Between East and West: The Cold War’s legacy in Africa
Though often absent from retellings of the Cold War, the interventions and alliances conceived in Southern Africa between the 1960s and 1980s, had a profound and sometimes devastating impact.
Newly independent nations such as Angola, Mozambique and the Democratic Republic of Congo (DRC) provided the stages for some of the most bloody proxy battles between “East” and “West”, as the United States, apartheid-era South Africa and China tried to prevent the spread of communism in the global south, while Cuba and the Eastern Bloc sought to support it.
This month, as part of its “Red Africa” research project, Calvert 22 , a London-based, Russian-financed foundation, presents “Things Fall Part”, a nostalgic exhibition of various artworks drawing on the legacy of the “friendships between Africa, the Soviet Union and related countries during the Cold War”.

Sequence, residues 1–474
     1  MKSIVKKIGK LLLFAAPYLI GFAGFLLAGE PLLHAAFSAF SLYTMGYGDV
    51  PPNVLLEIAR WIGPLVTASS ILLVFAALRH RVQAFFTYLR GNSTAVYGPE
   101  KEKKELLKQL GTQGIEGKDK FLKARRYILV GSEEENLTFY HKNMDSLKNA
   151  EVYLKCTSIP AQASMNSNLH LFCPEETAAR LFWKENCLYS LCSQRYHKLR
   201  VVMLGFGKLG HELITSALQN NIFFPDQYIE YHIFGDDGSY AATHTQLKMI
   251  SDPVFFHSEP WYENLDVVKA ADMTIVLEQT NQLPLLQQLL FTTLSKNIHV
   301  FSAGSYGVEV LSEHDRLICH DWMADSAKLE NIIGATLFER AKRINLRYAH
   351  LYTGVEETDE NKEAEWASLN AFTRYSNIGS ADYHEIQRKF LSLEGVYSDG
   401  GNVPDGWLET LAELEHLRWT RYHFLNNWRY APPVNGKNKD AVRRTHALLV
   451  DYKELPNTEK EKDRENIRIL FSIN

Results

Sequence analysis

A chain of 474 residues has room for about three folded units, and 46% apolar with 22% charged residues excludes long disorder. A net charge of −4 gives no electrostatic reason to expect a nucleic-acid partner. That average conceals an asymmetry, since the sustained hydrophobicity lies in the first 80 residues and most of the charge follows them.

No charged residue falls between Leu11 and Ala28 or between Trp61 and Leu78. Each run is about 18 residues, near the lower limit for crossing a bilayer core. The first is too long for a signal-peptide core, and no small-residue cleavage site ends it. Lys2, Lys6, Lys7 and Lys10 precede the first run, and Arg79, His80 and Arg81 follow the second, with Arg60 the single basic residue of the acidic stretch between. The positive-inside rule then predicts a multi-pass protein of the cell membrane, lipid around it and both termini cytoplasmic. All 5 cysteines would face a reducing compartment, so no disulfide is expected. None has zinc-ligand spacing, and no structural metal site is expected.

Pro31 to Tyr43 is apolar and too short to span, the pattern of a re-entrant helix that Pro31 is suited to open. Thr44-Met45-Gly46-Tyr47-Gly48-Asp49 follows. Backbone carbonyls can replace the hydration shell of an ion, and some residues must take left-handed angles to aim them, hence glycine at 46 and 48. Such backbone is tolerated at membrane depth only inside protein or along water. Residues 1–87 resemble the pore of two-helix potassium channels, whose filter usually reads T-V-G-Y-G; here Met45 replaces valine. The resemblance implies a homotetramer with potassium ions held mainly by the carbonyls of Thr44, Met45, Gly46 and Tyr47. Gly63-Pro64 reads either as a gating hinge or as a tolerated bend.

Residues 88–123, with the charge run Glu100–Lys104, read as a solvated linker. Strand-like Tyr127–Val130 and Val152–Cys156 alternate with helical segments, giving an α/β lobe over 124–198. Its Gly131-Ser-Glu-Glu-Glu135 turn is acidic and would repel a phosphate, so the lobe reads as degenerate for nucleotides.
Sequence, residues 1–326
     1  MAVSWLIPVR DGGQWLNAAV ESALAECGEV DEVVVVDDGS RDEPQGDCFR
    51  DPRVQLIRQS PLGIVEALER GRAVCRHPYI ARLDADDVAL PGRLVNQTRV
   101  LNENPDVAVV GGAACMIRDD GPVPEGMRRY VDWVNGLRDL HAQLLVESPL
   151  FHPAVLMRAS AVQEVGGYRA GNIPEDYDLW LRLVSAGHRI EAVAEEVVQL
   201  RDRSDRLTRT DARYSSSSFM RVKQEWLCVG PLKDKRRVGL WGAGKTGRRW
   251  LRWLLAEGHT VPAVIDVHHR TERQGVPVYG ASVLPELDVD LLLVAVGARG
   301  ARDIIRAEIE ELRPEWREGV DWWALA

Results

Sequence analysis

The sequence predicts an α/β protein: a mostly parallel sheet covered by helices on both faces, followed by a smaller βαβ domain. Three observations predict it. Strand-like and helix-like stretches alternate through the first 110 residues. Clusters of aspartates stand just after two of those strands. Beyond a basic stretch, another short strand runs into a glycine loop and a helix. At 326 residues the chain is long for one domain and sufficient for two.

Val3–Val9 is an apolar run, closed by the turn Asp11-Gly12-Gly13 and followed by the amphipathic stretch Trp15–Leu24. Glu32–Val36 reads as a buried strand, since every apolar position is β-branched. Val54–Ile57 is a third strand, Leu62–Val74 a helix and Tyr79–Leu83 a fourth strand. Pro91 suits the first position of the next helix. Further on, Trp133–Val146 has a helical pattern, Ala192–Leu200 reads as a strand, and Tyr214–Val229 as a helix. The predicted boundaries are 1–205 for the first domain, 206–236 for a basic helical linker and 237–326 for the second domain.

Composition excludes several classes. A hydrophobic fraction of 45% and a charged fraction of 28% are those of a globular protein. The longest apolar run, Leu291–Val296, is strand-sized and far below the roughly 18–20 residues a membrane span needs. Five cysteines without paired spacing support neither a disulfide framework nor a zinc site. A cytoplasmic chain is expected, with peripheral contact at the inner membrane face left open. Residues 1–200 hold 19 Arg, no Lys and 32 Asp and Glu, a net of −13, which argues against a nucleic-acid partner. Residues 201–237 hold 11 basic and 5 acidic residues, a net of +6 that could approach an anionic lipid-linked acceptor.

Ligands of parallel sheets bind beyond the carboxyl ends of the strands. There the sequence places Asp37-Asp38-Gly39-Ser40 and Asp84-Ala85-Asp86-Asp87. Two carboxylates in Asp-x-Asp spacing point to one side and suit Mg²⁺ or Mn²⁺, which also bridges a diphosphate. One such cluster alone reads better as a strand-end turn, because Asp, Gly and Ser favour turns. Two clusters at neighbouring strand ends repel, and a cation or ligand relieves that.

A closer reading of the objects on display, however, reveals a nuanced and conflicted history, the impact of which is still palpable today.
|A Soviet poster from 1967 reads: ‘The dawn of freedom cannot be prevented.’ [Courtesy of Yevgeniy Fiks as part of the Wayland Rudd Archive]|
|Jo Ractliffe’s Triptych I, is a series of black and white photographs from a 1975 mural on a house in Angola, showing Cuban leader Fidel Castro; the first Angolan president, Agostinho Neto; and Leonid Brezhnev, then president of the USSR [© Jo Ractliffe. Courtesy of Stevenson, Cape Town-Johannesburg]|
|Adriano Mixinge and fellow Angolan students on the Isle of Youth, Cuba, 1979 [Courtesy of Adriano Mixinge]|
|Nadine Wanono sits against an oil drum during a Study for Monument to Jean Rouch’s Super 8 film workshop in Mozambique Col. J. Navacierra [Angela Ferreira]|